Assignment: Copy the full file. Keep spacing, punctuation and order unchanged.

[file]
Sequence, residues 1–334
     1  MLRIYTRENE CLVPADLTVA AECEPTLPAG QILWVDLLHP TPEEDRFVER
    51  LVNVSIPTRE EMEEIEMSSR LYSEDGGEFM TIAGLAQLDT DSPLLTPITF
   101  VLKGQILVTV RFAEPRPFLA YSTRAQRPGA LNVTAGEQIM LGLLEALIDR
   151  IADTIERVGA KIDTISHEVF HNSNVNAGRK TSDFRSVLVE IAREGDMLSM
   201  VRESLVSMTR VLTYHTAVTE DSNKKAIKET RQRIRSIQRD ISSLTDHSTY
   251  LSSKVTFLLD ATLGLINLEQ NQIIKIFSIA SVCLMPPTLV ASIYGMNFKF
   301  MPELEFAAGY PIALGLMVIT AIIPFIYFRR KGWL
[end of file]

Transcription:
Sequence, residues 1–334
     1  MLRIYTRENE CLVPADLTVA AECEPTLPAG QILWVDLLHP TPEEDRFVER
    51  LVNVSIPTRE EMEEIEMSSR LYSEDGGEFM TIAGLAQLDT DSPLLTPITF
   101  VLKGQILVTV RFAEPRPFLA YSTRAQRPGA LNVTAGEQIM LGLLEALIDR
   151  IADTIERVGA KIDTISHEVF HNSNVNAGRK TSDFRSVLVE IAREGDMLSM
   201  VRESLVSMTR VLTYHTAVTE DSNKKAIKET RQRIRSIQRD ISSLTDHSTY
   251  LSSKVTFLLD ATLGLINLEQ NQIIKIFSIA SVCLMPPTLV ASIYGMNFKF
   301  MPELEFAAGY PIALGLMVIT AIIPFIYFRR KGWL